California D.A.s Get $23M in Grants to Battle Auto Insurance Fraud

October 4, 2011

Maria Ramirez’ job heading the battle against automobile fraud in the state’s most populous county is tough enough. But her division is “operating on fumes” amid a rise in that type of crime and scaled-back local government budgets, so the announcement of several million in funding grants gave her reason to cheer.

District attorneys’ offices around California will be getting a part of $23 million in grant funding to battle automobile insurance fraud.

Insurance Commissioner Dave Jones on Tuesday announced funds totaling $15.2 million were distributed to 35 counties for the regular auto insurance fraud grant program and $7.6 million were distributed to 10 counties for their organized auto fraud program. The funds will assist the district attorneys with the investigation and prosecution of automobile insurance fraud.

Jones distributes the funds to district attorneys who participate in insurance fraud investigation and prosecution efforts. The funds that are distributed come from statutory authority granted to the state’s insurance commissioner, which allows the collection of assessments from insurance companies based on the number of vehicles they insure.

The biggiest recepient of the grants, roughly $7 million, was the Los Angeles County’s Auto Insurance Fraud Division. L.A. County leads the state in leads state in SFC’s (suspected fraudulent claims).

“This year we were barely able to cover the salaries for the investigators who are working on auto insurance fraud,” said Ramirez, head deputy of the division. “We’re kind of operating on fumes here.”

There are 12 attorneys in the division, and roughly 20 investigators are spread between the regular and organized auto insurance fraud sections, she said.

“If we didn’t have the grants, we probably would not be able to dedicate a division to the prosecution of auto insurance fraud,” Ramirez added.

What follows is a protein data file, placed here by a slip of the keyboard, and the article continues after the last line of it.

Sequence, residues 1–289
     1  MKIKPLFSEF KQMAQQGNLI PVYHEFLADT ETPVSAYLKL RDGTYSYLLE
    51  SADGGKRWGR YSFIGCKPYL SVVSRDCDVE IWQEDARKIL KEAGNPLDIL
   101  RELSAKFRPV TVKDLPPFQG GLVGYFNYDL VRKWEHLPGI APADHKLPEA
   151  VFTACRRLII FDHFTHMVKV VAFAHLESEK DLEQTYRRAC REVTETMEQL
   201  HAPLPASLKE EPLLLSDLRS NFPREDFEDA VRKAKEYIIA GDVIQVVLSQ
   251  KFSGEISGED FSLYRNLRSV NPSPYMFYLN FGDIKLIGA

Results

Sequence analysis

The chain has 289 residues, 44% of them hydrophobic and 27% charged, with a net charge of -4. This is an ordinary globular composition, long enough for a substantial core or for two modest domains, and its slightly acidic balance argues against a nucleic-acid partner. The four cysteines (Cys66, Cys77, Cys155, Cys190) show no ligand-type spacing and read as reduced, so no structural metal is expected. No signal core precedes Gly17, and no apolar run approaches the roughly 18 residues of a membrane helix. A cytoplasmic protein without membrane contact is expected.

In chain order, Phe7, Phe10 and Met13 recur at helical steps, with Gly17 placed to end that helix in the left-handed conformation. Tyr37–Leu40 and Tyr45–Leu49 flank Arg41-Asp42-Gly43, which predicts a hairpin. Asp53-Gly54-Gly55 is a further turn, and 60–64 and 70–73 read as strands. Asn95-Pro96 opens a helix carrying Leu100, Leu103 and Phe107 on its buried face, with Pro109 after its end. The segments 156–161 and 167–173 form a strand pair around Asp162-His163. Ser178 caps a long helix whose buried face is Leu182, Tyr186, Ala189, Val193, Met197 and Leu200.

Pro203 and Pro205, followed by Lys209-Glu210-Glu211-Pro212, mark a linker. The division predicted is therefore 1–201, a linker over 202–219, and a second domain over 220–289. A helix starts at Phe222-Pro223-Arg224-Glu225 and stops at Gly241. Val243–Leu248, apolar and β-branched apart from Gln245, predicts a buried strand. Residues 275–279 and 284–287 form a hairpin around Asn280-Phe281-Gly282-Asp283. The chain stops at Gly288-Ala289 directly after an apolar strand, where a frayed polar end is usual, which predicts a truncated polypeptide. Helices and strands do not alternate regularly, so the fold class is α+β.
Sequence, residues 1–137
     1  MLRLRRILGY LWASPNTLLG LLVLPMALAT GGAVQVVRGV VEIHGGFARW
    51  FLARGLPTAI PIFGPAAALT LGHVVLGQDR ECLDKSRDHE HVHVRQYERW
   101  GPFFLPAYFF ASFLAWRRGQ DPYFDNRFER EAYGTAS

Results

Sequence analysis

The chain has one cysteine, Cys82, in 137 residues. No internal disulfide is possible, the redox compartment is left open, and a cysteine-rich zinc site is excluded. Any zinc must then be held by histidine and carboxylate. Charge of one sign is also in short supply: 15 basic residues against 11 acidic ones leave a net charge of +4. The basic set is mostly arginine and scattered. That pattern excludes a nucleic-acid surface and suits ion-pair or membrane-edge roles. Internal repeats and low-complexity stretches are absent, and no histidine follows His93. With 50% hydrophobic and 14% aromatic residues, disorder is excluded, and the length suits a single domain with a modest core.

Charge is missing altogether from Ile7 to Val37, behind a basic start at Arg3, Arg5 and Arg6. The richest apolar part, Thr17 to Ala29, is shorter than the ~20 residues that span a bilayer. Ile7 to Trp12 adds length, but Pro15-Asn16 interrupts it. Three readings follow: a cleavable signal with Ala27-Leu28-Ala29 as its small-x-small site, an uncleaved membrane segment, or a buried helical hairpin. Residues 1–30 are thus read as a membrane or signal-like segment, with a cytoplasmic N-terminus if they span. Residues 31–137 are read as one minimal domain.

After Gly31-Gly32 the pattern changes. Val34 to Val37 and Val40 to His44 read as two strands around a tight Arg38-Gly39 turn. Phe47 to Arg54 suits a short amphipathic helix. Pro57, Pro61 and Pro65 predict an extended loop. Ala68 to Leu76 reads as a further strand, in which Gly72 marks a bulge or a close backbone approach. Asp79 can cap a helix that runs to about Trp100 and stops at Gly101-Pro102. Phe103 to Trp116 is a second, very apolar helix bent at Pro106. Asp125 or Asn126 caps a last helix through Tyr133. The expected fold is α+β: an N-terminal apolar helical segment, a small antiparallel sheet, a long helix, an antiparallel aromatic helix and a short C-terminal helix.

According to Ramirez, auto fraud in L.A. County has risen since the U.S. economy took a turn for the worse in 2008.

“It kind of spiked when the economy started taking a dive,” she said, adding that filings of false claims involving arson or stolen vehicles are the largest that involve single claimants.

Often, even more resources are required to investigate L.A.’s large auto fraud rings—such rings often involve a professionals like chiropractors, lawyers, as well as cappers (people who organize the fraud), in intricate fake collision scams—and the funding for that effort has gone down in the past year, Ramirez said.

“These are cases that sometimes take a year or more to investigate that often involve intense surveillance and years of working up a case on these rings,” she said. “And to be honest, the funding has gone down significantly. That’s a challenge for us, we’re having to prosecute and investigate these fraud rings that do take a large amount of personnel.”

County funding is as follows:

Regular Auto Insurance Fraud Program (FY 2011/2012 Grant Awards)


Alameda $872,426

Amador $80,000

Butte $115,000

Contra Costa $417,457

El Dorado $298,957

Fresno $365,468

Humboldt $43,307

Imperial $45,122

Kern $324,556

Kings $121,636

Los Angeles $4,306,309

Marin $94,171

Mendocino $27,646

Merced $85,513

Monterey $352,666

Napa $34,974

Orange $1,402,843

Riverside $580,000

Sacramento $532,567

San Bernardino $637,495

San Diego $1,500,000

San Francisco $250,000

San Joaquin $329,185

San Luis Obispo $64,128

San Mateo $278,605

Santa Clara $785,000

Santa Cruz $90,771

Shasta $63,312

Solano $113,738

Sonoma $106,691

Stanislaus $191,079

Tehama $50,000

Tulare $200,000

Ventura $345,955

Yolo $152,423

Total $15,259,000

Organized Auto Fraud Interdiction Program (FY 2011/2012 Grant Awards)


Alameda $695,675

Fresno $366,640

Los Angeles $2,741,147

Orange $428,340

Riverside $417,318

Sacramento $369,930

San Bernardino $225,218

San Diego $1,196,166

San Francisco $246,290

Santa Clara $956,693

Total $7,643,417

Topics California Auto Fraud

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